Plato Shinar adds that a credit information law will also be necessary to help small banks and boost competition in the banking system.

Due to heavy pressure from the two largest banks, an amendment establishing a credit ranking system for private customers and allow information exchanges between banks has stalled. It would let banks offer good customers better terms. Israel is considered backward in this respect; even the Palestinian Authority has a sophisticated system for ranking customers.

The amendment has bogged down at the Justice Ministry, which opposes it based on potential violation of banking secrecy. As an interim measure, the banks supervisor plans to require banks over the coming year to issue “bank ID cards” stating each customer's credit ranking. Customers would be able to take their document to competing banks and shop for better loan terms.

"The bank ID card isn't a bad solution, but I don't think it's enough," says Plato-Shinar. "We need to adopt models found abroad and allow a flow of information between banks about borrowers."

The beauty of Internet banking

A third matter is letting customers open a bank account through the Internet, which the law that prohibits money laundering is blocking. "This law makes it hard to operate a lean bank. The idea behind a cooperative bank is to save on costs, meaning not to maintain a large network of branches and workforce,” says Plato Shinar.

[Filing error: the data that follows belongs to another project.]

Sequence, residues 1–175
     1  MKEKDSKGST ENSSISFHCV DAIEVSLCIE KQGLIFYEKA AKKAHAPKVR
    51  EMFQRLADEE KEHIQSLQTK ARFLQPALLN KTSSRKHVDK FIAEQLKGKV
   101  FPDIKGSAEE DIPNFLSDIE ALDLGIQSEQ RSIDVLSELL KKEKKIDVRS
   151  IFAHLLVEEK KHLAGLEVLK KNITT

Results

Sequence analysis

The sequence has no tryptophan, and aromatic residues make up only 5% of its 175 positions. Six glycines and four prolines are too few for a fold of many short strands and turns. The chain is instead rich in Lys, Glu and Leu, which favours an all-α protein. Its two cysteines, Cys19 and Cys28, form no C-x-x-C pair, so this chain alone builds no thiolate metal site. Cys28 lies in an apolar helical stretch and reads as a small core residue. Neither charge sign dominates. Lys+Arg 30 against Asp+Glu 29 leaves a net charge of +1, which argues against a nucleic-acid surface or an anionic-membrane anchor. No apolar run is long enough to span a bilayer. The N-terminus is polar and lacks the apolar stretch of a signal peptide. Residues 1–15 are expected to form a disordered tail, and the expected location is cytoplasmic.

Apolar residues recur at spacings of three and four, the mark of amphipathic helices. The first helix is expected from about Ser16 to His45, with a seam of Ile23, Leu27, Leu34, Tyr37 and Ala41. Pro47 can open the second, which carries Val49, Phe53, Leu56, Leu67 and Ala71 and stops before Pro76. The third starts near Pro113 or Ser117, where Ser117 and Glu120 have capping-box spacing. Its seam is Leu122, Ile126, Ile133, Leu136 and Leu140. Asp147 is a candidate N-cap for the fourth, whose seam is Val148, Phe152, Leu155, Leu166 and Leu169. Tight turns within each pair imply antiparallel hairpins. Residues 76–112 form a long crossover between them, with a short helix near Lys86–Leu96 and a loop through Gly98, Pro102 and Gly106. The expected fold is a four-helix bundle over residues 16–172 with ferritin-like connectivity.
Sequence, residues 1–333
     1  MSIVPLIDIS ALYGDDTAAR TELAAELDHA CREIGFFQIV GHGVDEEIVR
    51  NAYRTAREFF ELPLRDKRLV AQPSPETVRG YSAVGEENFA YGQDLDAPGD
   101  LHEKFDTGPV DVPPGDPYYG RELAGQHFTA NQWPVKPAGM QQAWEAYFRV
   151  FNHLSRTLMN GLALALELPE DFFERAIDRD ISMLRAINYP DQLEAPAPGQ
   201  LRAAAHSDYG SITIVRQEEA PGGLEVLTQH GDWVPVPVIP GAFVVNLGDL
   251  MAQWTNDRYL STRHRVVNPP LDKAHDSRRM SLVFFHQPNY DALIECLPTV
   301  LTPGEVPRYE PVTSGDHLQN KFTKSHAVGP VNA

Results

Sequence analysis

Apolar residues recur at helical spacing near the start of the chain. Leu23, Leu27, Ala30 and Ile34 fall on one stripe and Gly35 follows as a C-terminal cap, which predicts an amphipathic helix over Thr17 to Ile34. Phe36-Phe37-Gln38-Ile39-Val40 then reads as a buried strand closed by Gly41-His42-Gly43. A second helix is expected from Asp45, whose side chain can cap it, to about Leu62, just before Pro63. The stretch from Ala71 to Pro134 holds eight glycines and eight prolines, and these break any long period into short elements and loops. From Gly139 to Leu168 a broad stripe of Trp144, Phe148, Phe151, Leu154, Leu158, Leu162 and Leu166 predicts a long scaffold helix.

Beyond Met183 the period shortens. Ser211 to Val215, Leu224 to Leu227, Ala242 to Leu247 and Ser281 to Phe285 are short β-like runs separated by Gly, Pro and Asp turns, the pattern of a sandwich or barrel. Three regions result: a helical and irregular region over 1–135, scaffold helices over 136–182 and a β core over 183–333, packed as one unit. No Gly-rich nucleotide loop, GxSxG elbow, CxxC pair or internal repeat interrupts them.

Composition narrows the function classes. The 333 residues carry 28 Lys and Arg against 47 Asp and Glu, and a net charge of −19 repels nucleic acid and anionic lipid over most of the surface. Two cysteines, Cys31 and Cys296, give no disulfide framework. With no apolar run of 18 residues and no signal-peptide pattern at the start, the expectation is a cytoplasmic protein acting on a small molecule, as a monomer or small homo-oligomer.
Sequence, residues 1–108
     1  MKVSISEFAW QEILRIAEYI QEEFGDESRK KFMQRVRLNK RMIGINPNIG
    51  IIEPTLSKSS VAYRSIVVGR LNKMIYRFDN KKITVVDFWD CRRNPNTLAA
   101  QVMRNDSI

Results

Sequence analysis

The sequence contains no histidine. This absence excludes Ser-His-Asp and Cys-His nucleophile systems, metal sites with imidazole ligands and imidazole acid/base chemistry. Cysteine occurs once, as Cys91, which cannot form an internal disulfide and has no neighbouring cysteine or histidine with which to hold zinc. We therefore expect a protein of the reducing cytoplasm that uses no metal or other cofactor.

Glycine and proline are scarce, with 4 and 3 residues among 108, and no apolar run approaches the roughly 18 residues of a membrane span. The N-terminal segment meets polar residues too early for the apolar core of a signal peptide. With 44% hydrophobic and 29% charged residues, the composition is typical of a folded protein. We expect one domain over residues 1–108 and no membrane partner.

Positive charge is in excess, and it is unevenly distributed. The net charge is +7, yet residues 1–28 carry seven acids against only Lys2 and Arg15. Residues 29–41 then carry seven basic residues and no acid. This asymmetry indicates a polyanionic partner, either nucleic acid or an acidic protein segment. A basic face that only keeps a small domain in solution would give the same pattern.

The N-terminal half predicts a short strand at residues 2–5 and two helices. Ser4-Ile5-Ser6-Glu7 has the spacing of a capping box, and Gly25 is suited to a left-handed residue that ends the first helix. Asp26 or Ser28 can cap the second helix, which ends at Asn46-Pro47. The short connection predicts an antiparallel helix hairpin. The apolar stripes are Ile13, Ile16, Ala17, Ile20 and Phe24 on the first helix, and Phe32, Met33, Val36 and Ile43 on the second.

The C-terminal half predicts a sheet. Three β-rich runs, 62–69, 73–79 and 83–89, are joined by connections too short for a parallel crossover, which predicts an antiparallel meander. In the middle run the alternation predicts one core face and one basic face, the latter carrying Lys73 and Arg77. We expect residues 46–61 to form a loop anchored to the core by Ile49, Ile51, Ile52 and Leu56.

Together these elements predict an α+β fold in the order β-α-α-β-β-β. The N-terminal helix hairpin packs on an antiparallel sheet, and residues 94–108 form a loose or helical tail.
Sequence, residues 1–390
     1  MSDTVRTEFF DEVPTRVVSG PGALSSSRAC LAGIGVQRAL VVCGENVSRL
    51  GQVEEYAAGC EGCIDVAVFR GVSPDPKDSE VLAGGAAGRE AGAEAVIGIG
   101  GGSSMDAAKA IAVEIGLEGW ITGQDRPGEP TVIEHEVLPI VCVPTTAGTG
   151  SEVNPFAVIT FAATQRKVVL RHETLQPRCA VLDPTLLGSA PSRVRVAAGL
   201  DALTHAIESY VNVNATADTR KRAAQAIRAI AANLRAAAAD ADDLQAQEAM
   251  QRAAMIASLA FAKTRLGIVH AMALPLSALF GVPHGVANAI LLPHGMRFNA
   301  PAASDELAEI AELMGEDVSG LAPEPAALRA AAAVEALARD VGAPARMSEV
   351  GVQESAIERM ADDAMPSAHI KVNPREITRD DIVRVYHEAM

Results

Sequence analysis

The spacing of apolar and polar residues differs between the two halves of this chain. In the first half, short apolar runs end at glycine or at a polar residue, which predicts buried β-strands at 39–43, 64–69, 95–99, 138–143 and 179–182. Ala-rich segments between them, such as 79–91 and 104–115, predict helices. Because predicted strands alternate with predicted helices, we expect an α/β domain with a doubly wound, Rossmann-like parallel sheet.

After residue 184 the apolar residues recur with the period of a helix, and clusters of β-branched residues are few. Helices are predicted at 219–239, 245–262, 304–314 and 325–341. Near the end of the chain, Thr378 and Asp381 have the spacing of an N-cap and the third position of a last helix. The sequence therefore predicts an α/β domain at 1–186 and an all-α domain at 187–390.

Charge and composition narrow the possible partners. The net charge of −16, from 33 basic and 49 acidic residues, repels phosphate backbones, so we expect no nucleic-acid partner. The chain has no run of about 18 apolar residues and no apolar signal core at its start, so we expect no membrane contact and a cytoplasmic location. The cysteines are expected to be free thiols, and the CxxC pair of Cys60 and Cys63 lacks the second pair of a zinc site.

“The solution is to put some of the operations on the Internet. We know this is a sensitive issue due to the fear of having the Internet exploited for money laundering, but it's important that the process of opening an account and switching banks can be done directly. Changing banks needs to be done in the easiest way possible, and that means through the Internet."

The Bank of Israel says that it will probably draw up a reform for opening bank accounts online by year-end. Amendments could be submitted to the Knesset within a year.

But current legislation might pose an additional problem. The Cooperative Societies Ordinance creates dual regulation for a bank co-op, says Plato Shinar. The banks supervisor is responsible for regulation, but the Cooperative Societies Ordinance grants enormous powers to the Registrar of Cooperative Societies, including supervision. The registrar has the authority to examine a cooperative's financial statements and disband it, and also has broad discretion in the registration stage.

"This is a situation where a company could be subject to different competing regulators," says Plato Shinar. "It’s inconceivable for the banking operations of a bank cooperative to be supervised by anyone other than the banks supervisor. An amendment should be enacted to clarify the division of power between the two regulators and ensure that the banks supervisor is the main regulator."

Tal Cohen